Hmm, how about pesto-sauced pizza with artichoke hearts and sun-dried tomatoes? I sure thought that was the ultimate edible at the time. I’m guessing the popularization of “gourmet” pizzas can be credited to Wolfgang Puck…in 1982. Ok, culinary trends took their time meandering up to the Northwest.

Oddly, around 1991 a college friend’s boyfriend came to visit from Rochester during the Super Bowl and insisted we eat buffalo wings to celebrate. I didn’t even know what they were (and had never watched a football game in my life). And he couldn’t find the ready-chopped drumettes in the grocery store. We made do with poultry parts of some sort. What I recall most is drinking so much that I had to call in sick to my movie theater job that evening. Wings didn’t wow me.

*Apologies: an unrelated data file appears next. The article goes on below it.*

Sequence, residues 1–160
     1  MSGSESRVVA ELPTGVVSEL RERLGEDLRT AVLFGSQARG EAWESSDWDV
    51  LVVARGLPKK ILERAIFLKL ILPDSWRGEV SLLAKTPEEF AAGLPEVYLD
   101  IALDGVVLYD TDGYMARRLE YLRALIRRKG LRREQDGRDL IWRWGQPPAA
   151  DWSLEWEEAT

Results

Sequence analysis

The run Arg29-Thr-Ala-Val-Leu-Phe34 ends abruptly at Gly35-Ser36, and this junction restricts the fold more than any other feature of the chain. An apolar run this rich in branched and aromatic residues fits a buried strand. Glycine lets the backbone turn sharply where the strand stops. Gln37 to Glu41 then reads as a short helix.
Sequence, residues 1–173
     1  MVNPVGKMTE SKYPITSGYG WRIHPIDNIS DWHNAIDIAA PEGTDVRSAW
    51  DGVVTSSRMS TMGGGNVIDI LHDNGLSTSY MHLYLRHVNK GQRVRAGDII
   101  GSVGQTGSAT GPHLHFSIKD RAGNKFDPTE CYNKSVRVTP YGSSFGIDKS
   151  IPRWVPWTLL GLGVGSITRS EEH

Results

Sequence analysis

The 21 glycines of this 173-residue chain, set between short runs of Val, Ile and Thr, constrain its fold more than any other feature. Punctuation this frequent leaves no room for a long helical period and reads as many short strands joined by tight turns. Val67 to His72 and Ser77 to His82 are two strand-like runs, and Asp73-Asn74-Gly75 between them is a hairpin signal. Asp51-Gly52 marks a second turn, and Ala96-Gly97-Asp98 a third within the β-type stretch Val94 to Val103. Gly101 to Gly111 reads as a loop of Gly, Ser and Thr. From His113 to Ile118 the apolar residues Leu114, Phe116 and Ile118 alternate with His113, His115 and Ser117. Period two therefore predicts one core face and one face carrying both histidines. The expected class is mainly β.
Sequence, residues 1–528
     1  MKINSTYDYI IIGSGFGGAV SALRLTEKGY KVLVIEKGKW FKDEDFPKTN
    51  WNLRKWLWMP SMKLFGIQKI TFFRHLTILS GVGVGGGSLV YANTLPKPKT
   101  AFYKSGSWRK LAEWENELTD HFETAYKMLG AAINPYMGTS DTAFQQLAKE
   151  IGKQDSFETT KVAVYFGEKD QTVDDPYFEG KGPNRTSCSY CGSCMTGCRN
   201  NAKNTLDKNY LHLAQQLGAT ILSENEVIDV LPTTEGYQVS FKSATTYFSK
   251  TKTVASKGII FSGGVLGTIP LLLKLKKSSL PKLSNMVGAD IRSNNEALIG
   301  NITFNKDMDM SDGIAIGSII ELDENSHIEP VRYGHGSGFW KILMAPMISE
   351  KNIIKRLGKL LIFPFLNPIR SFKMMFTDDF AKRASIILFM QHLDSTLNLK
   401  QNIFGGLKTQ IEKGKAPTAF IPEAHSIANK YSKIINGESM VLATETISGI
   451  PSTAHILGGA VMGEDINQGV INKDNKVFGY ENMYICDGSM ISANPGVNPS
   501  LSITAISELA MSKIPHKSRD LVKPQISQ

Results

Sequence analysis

However, I’d forgotten that I’d already read this chicken wing essay a few years ago. And to compound my fears of age-onset dementia, if it weren’t for these two sentences I would’ve also forgotten just about everything about ever being at the Anchor Bar in 2000. Wings still didn’t wow me a decade later.


My first meal of 2008 proved more memorable but unfortunately brief. A snowstorm hit Toronto on January 1, which made the drive to Buffalo slow going. But being a fanatical planner, we made it to town just on schedule with an hour to wing it up before needing to head to the airport (the nice thing about small cities is that you can cut it close; returning and rental car, checking in and getting through security can all practically be done in 20 minutes). I was nervous that they wouldn’t be open on the pseudo-holiday because no one answered when I called. But as I was reminded upon entering, the phone number is a pay phone that seems to get answered on whim.